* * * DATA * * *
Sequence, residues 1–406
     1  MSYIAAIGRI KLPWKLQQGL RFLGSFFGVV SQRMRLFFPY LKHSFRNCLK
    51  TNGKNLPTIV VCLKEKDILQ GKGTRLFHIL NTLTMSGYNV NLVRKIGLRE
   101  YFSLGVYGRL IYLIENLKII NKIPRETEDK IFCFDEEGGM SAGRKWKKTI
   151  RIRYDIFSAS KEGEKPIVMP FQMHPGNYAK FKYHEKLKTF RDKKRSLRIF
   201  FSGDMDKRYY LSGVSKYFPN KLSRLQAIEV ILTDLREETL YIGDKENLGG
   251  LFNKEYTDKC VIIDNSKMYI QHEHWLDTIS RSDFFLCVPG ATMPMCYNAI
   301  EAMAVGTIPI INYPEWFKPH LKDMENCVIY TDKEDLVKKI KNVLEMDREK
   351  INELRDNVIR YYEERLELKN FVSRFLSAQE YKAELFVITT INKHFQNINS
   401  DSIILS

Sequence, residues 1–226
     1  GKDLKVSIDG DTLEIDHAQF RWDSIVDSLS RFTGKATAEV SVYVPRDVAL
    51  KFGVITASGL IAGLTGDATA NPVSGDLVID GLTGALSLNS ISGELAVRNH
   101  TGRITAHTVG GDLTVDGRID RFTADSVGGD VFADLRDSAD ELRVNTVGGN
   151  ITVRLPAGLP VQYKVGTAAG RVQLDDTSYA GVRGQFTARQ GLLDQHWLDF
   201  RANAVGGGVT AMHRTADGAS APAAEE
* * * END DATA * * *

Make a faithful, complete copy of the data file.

Sequence, residues 1–406
     1  MSYIAAIGRI KLPWKLQQGL RFLGSFFGVV SQRMRLFFPY LKHSFRNCLK
    51  TNGKNLPTIV VCLKEKDILQ GKGTRLFHIL NTLTMSGYNV NLVRKIGLRE
   101  YFSLGVYGRL IYLIENLKII NKIPRETEDK IFCFDEEGGM SAGRKWKKTI
   151  RIRYDIFSAS KEGEKPIVMP FQMHPGNYAK FKYHEKLKTF RDKKRSLRIF
   201  FSGDMDKRYY LSGVSKYFPN KLSRLQAIEV ILTDLREETL YIGDKENLGG
   251  LFNKEYTDKC VIIDNSKMYI QHEHWLDTIS RSDFFLCVPG ATMPMCYNAI
   301  EAMAVGTIPI INYPEWFKPH LKDMENCVIY TDKEDLVKKI KNVLEMDREK
   351  INELRDNVIR YYEERLELKN FVSRFLSAQE YKAELFVITT INKHFQNINS
   401  DSIILS

Sequence, residues 1–226
     1  GKDLKVSIDG DTLEIDHAQF RWDSIVDSLS RFTGKATAEV SVYVPRDVAL
    51  KFGVITASGL IAGLTGDATA NPVSGDLVID GLTGALSLNS ISGELAVRNH
   101  TGRITAHTVG GDLTVDGRID RFTADSVGGD VFADLRDSAD ELRVNTVGGN
   151  ITVRLPAGLP VQYKVGTAAG RVQLDDTSYA GVRGQFTARQ GLLDQHWLDF
   201  RANAVGGGVT AMHRTADGAS APAAEE